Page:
Wednesday June 3, 2020

Magazine Minute: The undocumented, Philip Judge, Princess Diana, Kathy Reichs

The very best of The Sunday Business Post Magazine this weekend

4th August, 2017


In this weekend’s Sunday Business Post Magazine, Colin Murphy reports on an untold Irish story: that of the undocumented migrant workers making a life in Ireland. Here, for the first time, migrants step into the light as they relate the daily reality of a paperless status. Murphy draws parallels between the undocumented Irish in the US and their counterparts in Ireland, asking if calls for regularisation abroad ought to be equally countenanced on home soil. Murphy’s report, Life in the Shadows, is this Sunday’s Magazine cover story.


Ever dreamed of selling up, upping sticks, and making the move to the country for good? Actor Philip Judge put urban life in London and Dublin behind him when he bought a century-old property deep in the Wicklow countryside. Today, he counts lambs and wellies his constant companions, and has chronicled the many colours of a year in the Irish countryside in his book, In Sight of Yellow Mountain. This Sunday, Judge shares an exclusive extract from his debut with readers of the Sunday Business Post Magazine - essential reading for those dreaming of a simpler way of life.


Two decades on from her death, Princess Diana still grips the public imagination like few other figures. And we can expect yet another bout of frenzied retrospection as a controversial new documentary coming soon to Channel 4 shows confidential tapes recorded in her Kensington Palace residence. This weekend, ahead of the anniversary of Diana’s death, Catherine Healy considers the legacy of a woman who managed to subvert the glossy Windsor narrative in speaking openly about her personal difficulties. “In exposing the monarchy’s flaws,” as she writes, “that testimony remains just as politically significant today as it was two decades ago.” Read more in The Magazine on Sunday.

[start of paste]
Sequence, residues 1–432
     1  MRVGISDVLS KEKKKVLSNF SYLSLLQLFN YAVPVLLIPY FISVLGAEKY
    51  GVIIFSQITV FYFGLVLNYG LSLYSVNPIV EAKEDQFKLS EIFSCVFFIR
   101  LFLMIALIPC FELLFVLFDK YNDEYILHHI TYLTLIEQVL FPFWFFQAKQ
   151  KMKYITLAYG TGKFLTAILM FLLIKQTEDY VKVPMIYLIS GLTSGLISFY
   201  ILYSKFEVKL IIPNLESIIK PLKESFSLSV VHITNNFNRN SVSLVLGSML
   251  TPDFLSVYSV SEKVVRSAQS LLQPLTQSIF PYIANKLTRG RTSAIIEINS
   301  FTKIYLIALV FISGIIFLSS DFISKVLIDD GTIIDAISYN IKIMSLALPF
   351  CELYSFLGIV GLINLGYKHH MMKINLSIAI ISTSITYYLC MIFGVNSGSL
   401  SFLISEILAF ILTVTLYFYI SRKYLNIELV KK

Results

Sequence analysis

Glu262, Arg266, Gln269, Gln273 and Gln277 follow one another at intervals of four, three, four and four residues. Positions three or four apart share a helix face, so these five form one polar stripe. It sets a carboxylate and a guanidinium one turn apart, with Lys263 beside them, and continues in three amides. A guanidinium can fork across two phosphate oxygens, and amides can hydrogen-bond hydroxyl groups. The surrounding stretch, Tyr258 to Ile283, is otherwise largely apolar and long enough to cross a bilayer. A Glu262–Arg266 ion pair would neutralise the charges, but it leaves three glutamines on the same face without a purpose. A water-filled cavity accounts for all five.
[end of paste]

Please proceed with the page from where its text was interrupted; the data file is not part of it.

Kathy Reichs was a leading forensic anthropologist when she came to popular fiction in her late 40s, wanting help to cover her kids’ college fees. Now, with a string of New York Times bestsellers to her name, the grande dame of crime writing has a following across the world. Reichs is best known for her long-running Temperance Brennan series, which formed the basis for hit TV show Bones, but her latest book brings a new heroine centre stage. This Sunday, she talks forensics, cults and academic snobbery with Catherine Healy as they discuss the latest twist in her wide-ranging career.

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